Profile: ‘The Greek UKIP’ – Panos Kammenos And The Independent Greeks


As Europe plunges further into chaos following Greece’s decisive “No” vote on Sunday, the eyes of the world are on the Syriza-led Greek government. Prime Minister Alexis Tsipras and the now departed Finance Minister Yanis Varoufakis are deservedly in the centre of the spotlight.

But there is another, equally radical figure in the Greek government, who has done much to help Greece reject the EU’s harsh demands.

In government with the radical-left Syriza is the smaller conservative, nationalist Independent Greeks party, led by Defence Minister Panos Kammenos, a party that has drawn comparisons with Britain’s UKIP.

Like UKIP, Independent Greeks are a combination of disaffected former supporters of the mainstream right and members of the working class who reject mass immigration.

Kammenos is a former member of the centre-right New Democracy party and served as Shipping Minister, but grew disaffected with his party’s acquiescence to the demands of Angela Merkel, so he quit and set up his own party.

Fiercely patriotic, after forming his party in 2012 Kammenos accused the EU and IMF of turning Greece into a “laboratory animal” for an “austerity experiment”.

In an election speech, he later declared: “We will never go as beggars on our knees to Merkel, we will go standing tall as Greeks do. The Greek people are fighting united to restore national sovereignty and dignity.”

Many of their members and voters are disillusioned supporters of the centre-right New Democracy party who consider their old home too close to Angela Merkel and the “troika” of creditors. In turn, many of those who remain in New Democracy consider Independent Greeks to be either traitors or lost allies – much like the UKIP/Conservative split in Britain.

Their appeal at the last election was simple – “Syriza are going to win anyway but they won’t get a majority. Vote for us and we’ll keep them in line.” The plan worked and Independent Greeks were the only party Syriza could realistically ask to join their government.

Naturally, many in the Greek mainstream consider Kammenos and his party “extremists” and “conspiracy theorists”.

One of their more colourful demands is that Germany should pay Greece reparations for the Nazi occupation of the country during the Second World War. Germany was pardoned from having to pay compensation in the aftermath of the war in a bid to prevent resentment stirring up again as it had after the First World War.

Kammenos wants this pardon revoked.

He also faced accusations of anti-Semitism after claiming the Greek Jews paid fewer taxes, comments condemned by the Greek Board of Jewish Communities.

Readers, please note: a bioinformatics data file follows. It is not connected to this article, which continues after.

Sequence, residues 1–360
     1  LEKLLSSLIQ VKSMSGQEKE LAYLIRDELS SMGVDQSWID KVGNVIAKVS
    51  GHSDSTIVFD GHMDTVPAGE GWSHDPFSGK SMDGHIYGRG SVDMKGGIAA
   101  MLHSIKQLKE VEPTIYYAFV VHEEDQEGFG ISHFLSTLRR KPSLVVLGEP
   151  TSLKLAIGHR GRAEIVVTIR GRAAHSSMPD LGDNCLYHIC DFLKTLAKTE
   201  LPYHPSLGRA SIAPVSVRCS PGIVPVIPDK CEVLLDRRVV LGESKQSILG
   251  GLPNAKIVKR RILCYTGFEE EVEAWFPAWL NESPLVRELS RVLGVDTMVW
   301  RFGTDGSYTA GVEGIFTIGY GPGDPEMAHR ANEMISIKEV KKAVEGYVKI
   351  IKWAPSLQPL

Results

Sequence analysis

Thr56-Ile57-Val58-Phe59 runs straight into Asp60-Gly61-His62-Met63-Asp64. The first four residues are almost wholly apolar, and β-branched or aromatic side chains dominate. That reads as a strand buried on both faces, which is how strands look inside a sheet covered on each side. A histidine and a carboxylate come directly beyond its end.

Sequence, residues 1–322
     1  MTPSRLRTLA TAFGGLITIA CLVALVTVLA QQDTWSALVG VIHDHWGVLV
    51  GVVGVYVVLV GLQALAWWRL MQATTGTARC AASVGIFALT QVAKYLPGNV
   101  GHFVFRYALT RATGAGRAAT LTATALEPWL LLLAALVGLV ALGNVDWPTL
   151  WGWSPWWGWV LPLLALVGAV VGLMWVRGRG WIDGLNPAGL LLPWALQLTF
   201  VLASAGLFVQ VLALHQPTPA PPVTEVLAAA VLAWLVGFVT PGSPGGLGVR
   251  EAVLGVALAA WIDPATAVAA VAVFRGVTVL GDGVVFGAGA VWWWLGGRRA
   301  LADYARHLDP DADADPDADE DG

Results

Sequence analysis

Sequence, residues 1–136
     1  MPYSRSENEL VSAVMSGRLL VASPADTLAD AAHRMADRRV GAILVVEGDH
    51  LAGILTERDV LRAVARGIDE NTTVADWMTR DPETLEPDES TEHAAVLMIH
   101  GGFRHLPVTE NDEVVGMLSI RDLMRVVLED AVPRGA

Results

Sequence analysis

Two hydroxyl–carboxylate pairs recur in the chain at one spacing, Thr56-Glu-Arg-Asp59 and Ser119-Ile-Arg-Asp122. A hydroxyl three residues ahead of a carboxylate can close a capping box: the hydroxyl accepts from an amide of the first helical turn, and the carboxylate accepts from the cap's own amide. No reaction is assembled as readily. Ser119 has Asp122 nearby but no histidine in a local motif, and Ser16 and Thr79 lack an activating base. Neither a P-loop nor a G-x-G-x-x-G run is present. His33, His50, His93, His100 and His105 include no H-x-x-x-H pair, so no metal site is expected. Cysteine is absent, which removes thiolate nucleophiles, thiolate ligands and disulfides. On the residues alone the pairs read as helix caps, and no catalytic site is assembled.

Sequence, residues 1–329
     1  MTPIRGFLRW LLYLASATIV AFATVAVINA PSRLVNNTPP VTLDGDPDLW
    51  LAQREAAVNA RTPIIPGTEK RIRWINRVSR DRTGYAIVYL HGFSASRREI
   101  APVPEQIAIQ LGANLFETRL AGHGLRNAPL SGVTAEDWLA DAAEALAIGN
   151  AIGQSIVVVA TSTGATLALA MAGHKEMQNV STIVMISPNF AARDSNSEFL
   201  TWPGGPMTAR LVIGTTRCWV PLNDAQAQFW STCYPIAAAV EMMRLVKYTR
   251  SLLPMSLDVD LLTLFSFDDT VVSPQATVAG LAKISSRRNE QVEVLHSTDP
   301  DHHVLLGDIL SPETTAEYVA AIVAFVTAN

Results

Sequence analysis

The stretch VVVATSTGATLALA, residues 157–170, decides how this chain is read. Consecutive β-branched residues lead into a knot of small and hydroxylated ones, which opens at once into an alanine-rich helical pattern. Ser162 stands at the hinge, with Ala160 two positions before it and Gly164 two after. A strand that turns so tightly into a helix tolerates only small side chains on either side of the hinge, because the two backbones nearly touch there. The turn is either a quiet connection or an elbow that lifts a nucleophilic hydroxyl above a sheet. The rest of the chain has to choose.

Syriza, their fellow radicals on the other side of the political spectrum, consider them a “necessary evil” to stay in power. Both parties are strongly anti-austerity and despite many predictions from commentators across Europe, have worked together surprisingly well up to now.

However, aside from economic issues, a vast gulf exists between the two groups. Syriza is a coalition of Marxists, Communists, Maoists and just about every other far-left faction under the sun.

Independent Greeks, on the other hand, are anti-immigration, staunchly socially conservative and have strong links with the Greek Orthodox Church. Kammenos himself is devoutly Orthodox, unlike Syriza leader Alexis Tsipras, an atheist who refused a religious element to his swearing-in ceremony in January.

This may partly explain Kammenos’s sympathy for Russia. After yesterday’s vote he declared in broken English: “I want to thank very much the Orthodox and Russian people for the support. For the support of this big country, brothers country, we feel this help.” – remarks quickly picked up by Russia’s Ruptly news agency that will no doubt be music to the ears of Vladimir Putin.

This feeling of brotherly solidarity between Orthodox nations runs deep, confusing many in the more secular Western Europe who cannot fathom how an EU state could cosy up so comfortably with Russia.

The irony is that this link with Russia is being rediscovered by the radically atheist Syriza government – partly out of necessity and partly due to the presence of Kammenos in the cabinet.

As the future of Greece becomes ever more uncertain, Kammenos and his relatively small party will continue to play a key role in government, keeping Syriza radical in economics while doing their best to prevent any left-wing changes in social policy.


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